I don’t live in that town, but it is where I go to get my mail, ten or so miles away.  However, if you email me at, I can read your letters out here in the woods.  Ain’t technology great?  That’s what Grandpa told me he said when they invented the Model T! Until one of them ran into his horse!!


Tuesday, September 8, 2020


Larry Dablemont outdoor column  9-4-20

       Some years back I took a pair of northerners on an Ozark float trip and in mid-afternoon dark clouds began to form to the west, with the ominous roll of thunder in the distance. I knew of a big, deep cave nearby with a dry floor, so I secured the boat in a protected spot and we carried our gear up to the cave.

       One of the men wanted to keep floating, thinking the storm might miss us, and confident that if it didn’t, we could be a least a mile or so downstream before it got to us.

I told him that when on the river in a coming storm, I live by the rule, “It is better to sit in a cave and wait for the storm than to sit in the storm and look for a cave!”  We spent about an hour and a half in the cave that afternoon listening to a raging electrical storm with heavy winds, rain and even some hail. When we left, the skies were clearing and the afternoon calm again.

       A strong fear of lightning is known as keraunophobia, which makes me a keraunophobic. I can endure the rain, and you can prepare somewhat for a tornado no matter where you are, but lightning is unpredictable and awesome in its power. People who ignore the danger of lightning often become part of the statistics.

       For instance, statistics show that lightning kills more people than hurricanes tornadoes or floods. Death from lightning does not always come from a direct strike; it can happen as a result of the spread of voltage through the ground or water.  People in boats on lakes or rivers are perhaps in the greatest danger from lightning, especially if the boat is metal. But there is also great danger to anyone holding a fishing rod or firearm, or anyone taking shelter beneath high trees.  A lightning bolt can be two miles long, and travel at speeds of 400,000 miles per hour, with 100 million volts of electricity and temperatures of 30,000 degrees.  I read that somewhere… I didn’t come up with it through any scientific investigation on my own.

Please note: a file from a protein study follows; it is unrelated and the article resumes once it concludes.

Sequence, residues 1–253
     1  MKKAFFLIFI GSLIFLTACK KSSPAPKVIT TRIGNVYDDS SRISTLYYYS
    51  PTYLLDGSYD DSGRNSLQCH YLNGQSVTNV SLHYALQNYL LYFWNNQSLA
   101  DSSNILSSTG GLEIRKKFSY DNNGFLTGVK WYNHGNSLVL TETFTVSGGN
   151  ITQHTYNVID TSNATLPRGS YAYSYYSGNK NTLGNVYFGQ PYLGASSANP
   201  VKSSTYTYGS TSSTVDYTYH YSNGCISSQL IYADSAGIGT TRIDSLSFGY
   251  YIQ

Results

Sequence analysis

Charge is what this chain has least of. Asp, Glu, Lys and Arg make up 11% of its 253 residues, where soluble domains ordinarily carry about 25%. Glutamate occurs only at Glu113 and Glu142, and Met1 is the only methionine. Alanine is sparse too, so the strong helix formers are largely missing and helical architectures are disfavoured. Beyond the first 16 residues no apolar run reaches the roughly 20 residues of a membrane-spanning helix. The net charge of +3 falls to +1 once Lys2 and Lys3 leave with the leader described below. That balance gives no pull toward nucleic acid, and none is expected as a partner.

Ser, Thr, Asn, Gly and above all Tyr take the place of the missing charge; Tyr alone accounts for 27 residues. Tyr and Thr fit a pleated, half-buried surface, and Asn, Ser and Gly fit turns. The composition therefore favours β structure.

A half dozen times in my life outdoors I have been within 100 yards of powerful lightning bolts, and when I was a teenager I was flattened by a lightning strike beneath a river bluff as I was heading for its protective shelter. Authorities say that too many people wait for the main burst of the storm before taking shelter from lightning. Casualties seem to be greater during the weaker storms and at the beginning or end of heavier storms, suggesting that less caution is taken when it appears the danger hasn’t yet arrived, or has passed.

       So don’t fool around when you see a storm approaching. Get to the best shelter you can find and don’t “make a run for it” across an open lake or down a river. Lightning does have a good side. It converts nitrogen in the air to an oxide that falls to the earth with the rain and fixes nitrogen in the soil, without which, there would be no green growth.

       I often tell the story of my admiration for mark twain, who was born under the passing of Haley’s Comet, and then died about 80 years later when Haley’s Comet passed a second time, he passed away.  I would like to think he and I had much in common, except for the fact that he never was as good a duck hunter and smallmouth fisherman as I.  But on the night I was born, in a little farmhouse way out in the sticks near Yukon Missouri by the light of a kerosene lantern, a raging thunderstorm was going on and lightning hit the farmhouse just when I came into the world, killing a couple of chickens in the other room!  So, with my figuring that my life parallels Mark Twain’s as it does, I fear that I will leave this world riding a bolt of lightning.  When I see a dark cloud, I marvel that one has not already nailed me, and wonder if that brewing storm may be the one with my name on it.  Mark Twain didn’t have to worry like that because back then; no one had the slightest idea when Haley’s comet was coming back!!

If you aren’t a subscriber to my magazine, the Lightnin’ Ridge Outdoor Journal, you are missing some great reading.  Call me at 417 777 5227 and I will sign you up.  To see it and all of my books, (ten in all) visit my website if you haven’t already…  Write to me at Box 22, Bolivar, Mo 65613 or email me at